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Personal Devices Making Waves in the Workplace

Employee owned devices becoming accepted by employers.

Businesses that want to maximize productivity and efficiency within their staff often try to create an environment that caters to their employees. In these instances, firms are enabling their workforce to use consumer technologies in the workplace and are forming "bring your own device" policies, according to a recent survey conducted by global business technology solutions provider Avanade.

"The nature of work and how business gets done is going through a transformation," said Mick Slattery, executive vice president of Avanade Global Service Lines. "Consumer technologies in the workplace are a significant catalyst for this transformation."

Business Tasks Made Easier with BYOD
€‹Many employees prefer to use their own devices in the workplace, and when their employers provide an environment that supports consumer technologies, staff are able to be more productive. The research revealed 54 percent of respondents said their employees use smartphones for basic work tasks such as reading email, online documents and calendar invitations, while 33 percent asserted that staff members are deploying tablets for such tasks.

"Executives are capitalizing on the opportunity these technologies offer by adjusting business processes and updating policies with measurable results in areas such as customer service, profitable growth, happier employees and bringing new products and services to market faster," said Slattery.

Tablets are being used for more advanced tasks in the workplace. The survey found one-third of respondents are taking advantage of the power of tablets to take on business-related tasks, including customer relationship management, project management, content creation and data analysis. Businesses that are enabling their staff to use their own devices are demonstrating that such policies are fruitful. Fifty-four percent of firms doing so said they are likely to report increased profits compared to businesses not leveraging these technologies, policies and processes.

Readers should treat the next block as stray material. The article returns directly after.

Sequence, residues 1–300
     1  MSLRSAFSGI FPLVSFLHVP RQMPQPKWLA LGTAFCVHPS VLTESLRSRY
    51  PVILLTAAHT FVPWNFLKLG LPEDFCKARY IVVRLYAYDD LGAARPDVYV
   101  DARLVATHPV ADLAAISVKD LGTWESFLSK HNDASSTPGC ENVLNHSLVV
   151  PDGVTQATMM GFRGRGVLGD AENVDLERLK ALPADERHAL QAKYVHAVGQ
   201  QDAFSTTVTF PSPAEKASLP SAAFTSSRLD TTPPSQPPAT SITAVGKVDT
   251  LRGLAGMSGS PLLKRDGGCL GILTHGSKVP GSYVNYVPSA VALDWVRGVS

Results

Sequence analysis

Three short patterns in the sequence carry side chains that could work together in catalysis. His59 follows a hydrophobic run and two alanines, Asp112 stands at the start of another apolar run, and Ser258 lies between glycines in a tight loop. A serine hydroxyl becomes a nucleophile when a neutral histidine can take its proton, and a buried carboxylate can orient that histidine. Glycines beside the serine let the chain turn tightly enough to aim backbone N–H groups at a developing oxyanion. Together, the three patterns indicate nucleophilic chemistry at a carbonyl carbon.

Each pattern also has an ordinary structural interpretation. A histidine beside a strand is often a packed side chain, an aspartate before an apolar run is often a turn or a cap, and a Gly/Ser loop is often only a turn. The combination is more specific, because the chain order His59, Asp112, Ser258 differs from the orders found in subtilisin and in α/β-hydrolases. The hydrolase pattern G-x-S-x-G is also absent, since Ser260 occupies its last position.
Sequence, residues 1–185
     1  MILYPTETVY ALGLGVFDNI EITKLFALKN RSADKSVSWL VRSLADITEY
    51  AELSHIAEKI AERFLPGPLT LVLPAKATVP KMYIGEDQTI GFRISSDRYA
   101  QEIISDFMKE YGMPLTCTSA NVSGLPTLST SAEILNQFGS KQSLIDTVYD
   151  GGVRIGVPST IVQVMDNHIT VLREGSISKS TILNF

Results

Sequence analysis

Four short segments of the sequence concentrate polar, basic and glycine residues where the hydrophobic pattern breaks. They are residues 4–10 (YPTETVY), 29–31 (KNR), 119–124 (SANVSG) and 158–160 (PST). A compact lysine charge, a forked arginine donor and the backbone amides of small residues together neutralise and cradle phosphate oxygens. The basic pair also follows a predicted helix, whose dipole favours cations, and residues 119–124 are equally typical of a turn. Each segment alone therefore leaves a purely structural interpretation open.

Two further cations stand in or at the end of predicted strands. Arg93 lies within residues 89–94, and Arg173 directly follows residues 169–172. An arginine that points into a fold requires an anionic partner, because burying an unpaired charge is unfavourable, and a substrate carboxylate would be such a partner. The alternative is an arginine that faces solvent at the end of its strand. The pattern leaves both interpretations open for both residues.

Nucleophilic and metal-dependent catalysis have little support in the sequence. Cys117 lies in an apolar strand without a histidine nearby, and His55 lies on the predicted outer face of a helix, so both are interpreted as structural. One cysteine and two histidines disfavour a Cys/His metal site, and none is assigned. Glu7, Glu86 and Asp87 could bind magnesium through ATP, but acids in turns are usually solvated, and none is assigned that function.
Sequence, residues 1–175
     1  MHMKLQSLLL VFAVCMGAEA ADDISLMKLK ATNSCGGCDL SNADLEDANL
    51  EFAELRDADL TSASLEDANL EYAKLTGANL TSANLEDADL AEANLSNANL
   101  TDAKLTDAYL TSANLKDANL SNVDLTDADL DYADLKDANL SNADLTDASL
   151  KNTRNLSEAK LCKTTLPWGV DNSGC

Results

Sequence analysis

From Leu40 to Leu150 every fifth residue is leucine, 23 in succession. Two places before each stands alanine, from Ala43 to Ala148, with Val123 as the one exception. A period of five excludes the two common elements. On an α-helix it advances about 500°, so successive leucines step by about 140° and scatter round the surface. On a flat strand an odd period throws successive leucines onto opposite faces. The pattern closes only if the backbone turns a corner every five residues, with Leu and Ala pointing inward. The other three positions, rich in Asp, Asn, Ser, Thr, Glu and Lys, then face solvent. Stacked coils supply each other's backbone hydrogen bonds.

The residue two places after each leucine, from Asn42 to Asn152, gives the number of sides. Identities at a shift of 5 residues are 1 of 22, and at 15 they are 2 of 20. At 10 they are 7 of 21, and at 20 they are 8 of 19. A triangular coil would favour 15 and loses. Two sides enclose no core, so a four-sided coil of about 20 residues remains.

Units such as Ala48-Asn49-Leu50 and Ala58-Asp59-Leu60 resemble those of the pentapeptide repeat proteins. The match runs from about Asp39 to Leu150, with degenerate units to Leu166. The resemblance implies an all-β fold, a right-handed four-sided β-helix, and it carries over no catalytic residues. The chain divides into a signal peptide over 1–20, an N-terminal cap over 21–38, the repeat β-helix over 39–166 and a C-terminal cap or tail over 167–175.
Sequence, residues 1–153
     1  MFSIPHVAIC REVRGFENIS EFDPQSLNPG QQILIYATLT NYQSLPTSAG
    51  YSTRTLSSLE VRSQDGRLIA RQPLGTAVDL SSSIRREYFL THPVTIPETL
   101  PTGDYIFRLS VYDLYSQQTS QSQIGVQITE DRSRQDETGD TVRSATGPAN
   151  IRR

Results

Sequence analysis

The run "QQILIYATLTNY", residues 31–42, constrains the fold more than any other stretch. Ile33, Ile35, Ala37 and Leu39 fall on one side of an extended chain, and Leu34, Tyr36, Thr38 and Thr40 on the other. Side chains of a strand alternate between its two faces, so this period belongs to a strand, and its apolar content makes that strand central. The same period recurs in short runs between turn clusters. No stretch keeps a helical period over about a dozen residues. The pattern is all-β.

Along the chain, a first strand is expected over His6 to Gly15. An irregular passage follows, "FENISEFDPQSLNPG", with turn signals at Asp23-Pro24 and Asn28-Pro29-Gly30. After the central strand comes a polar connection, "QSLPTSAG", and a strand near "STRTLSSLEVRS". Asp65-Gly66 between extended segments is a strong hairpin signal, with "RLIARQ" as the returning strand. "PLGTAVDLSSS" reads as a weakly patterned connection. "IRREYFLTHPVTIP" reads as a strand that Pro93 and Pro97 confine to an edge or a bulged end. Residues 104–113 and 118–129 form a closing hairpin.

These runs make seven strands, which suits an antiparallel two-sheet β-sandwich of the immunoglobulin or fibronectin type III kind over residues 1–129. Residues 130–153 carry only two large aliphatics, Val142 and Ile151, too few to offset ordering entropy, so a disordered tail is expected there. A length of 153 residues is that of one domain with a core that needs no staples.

Employees Must Make Sacrifices to Earn BYOD
When businesses allow their staff to use consumer technologies for company-related tasks, it becomes increasingly important that these firms are focusing on security. BYOD makes business processes increasingly easier for staff members, but for the companies deploying such policies, data security becomes more difficult to preserve. In these instances, it's imperative that firms ask their employees to forgo some privacy on their devices so they can be properly secured, according to a recent article for USA Today.

"If workers want more BYOD, they will need to give up something in return," Jack Gold, researcher at J. Gold Associates, told the news source. "That's the ability for enterprises to enact policies and control their access and actions."

One of the best ways to ensure the security of BYOD policies is through mobile devices management. The news source stated these solutions enable employers to take control of the devices owned by their staff to install security measures, as well as give them the ability to remotely wipe the memory from such smartphones, or tablets in the event devices are lost or stolen.

Build a Policy that Works for the Company
There is no one-size-fits-all approach to BYOD, and because of this, businesses get the opportunity to create their own policies and regulations that work best for the firm, according to USA Today. Making sure all employees understand what constitutes acceptable use of their devices and which applications are safe to deploy will ensure that security risks are less of a concern for the business.

"Organizations have to fundamentally change the way that they think about security," Giri Sreenivas, mobile manager at security firm Rapid7, asserted to the news source. "They have to think about what makes up an acceptable use policy, one that employees can believe in and agree to."

Are you allowing employees to bring in personal devices? Does your company have a strong BYOD policy?